On August 23, 1999, presiding Judge Alison Lee held a roster meeting at which Universal failed to appear. Judge Lee granted McKinney's motion to dismiss the action with prejudice based upon Universal's failure to prosecute the action. (2) Judge Lee's order was served on Universal's managing officer on August 30, 1999. No appeal was taken from this order, and no motion to reconsider was filed.
On February 2, 2000, Universal moved to set aside Judge Lee's order pursuant to Rule 60(b)(4), SCRCP. (3) By written order dated March 17, 2000, presiding Circuit Court Judge John Milling denied relief from the order of dismissal, finding that it was not void for lack of jurisdiction, but was merely voidable. Judge Milling concluded that Universal was not entitled to any relief because it had failed to timely move for reconsideration or appeal from Judge Lee's order. Universal appeals from this adverse ruling.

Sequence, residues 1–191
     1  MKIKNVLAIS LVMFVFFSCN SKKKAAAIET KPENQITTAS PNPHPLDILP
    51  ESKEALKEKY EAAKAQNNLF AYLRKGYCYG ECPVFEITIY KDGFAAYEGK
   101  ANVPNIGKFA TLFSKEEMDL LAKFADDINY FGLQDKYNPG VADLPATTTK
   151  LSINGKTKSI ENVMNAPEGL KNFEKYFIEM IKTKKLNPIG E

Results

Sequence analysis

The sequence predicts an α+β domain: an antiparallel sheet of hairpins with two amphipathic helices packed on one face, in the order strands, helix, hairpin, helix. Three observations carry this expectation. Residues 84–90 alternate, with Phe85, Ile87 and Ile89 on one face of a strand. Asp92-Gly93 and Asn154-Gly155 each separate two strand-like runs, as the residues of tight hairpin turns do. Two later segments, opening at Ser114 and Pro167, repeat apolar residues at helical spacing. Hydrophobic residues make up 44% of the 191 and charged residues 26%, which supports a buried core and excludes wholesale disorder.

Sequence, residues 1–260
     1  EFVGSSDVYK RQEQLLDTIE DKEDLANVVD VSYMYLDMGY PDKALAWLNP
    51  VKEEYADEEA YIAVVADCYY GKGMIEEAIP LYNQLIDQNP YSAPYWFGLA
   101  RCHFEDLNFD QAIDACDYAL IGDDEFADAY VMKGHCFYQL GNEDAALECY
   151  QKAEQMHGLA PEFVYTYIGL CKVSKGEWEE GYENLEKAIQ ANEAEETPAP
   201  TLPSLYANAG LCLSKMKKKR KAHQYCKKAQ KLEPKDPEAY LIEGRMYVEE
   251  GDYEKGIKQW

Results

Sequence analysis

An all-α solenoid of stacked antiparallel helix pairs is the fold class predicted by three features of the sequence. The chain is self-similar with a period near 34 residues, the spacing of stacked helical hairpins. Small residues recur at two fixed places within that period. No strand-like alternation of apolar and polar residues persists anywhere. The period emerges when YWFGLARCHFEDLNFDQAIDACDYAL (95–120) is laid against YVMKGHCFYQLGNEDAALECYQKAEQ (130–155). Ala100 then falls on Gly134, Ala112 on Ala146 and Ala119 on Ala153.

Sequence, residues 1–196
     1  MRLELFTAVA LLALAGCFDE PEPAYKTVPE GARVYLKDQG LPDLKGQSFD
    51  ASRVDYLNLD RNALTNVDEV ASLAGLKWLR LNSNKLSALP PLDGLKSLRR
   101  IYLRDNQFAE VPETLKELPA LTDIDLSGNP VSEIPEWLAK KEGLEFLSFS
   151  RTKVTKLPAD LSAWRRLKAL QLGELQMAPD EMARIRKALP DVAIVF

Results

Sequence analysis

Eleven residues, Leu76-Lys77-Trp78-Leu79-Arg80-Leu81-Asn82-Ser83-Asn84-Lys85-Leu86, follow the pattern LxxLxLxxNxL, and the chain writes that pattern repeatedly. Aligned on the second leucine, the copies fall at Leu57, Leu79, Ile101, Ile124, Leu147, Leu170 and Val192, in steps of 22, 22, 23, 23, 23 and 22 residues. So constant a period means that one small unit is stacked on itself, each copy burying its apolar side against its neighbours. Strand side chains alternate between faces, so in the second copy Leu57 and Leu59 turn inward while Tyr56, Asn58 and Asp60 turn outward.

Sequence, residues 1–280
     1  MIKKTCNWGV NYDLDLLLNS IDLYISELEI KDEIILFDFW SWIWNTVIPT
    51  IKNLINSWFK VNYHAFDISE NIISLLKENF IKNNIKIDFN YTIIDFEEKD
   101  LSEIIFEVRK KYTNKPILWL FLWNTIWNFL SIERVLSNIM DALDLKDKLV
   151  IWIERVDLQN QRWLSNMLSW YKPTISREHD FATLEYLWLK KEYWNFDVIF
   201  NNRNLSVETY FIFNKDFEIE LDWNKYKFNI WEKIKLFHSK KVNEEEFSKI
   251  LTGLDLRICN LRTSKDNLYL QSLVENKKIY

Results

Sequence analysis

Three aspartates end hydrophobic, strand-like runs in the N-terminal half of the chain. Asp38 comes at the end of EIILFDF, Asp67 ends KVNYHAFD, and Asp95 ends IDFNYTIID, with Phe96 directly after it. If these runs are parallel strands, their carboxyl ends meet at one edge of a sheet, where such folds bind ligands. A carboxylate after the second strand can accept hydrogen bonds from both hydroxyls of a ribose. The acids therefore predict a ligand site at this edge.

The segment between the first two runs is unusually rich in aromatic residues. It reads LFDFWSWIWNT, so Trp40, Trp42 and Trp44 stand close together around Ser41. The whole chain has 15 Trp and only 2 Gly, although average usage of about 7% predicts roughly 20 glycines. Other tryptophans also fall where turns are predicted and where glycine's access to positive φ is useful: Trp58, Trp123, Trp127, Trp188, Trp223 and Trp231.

Universal argues Judge Lee's order is void for lack of notice of the August 23, 1999 roster meeting. Universal contends it was denied due process of law. We disagree.
"On motion and upon such terms as are just, the court may relieve a party or his legal representative from a final judgment, order, or proceeding [if] . . . the judgment is void." Rule 60(b)(4), SCRCP. "A void judgment is one that, from its inception, is a complete nullity and is without legal effect." Thomas & Howard Co. v. T.W. Graham and Co., 318 S.C. 286, 291, 457 S.E.2d 340, 343 (1995). "The definition of void under the rule only encompasses judgments from courts which failed to provide proper due process, or judgments from courts which lacked subject matter jurisdiction or personal jurisdiction." McDaniel v. U.S. Fid. & Guar. Co., 324 S.C. 639, 644, 478 S.E.2d 868, 871 (Ct. App. 1996). A judgment is not rendered void by irregularities which do not involve jurisdiction. Thomas & Howard Co., 318 S.C. at 291, 457 S.E.2d at 343.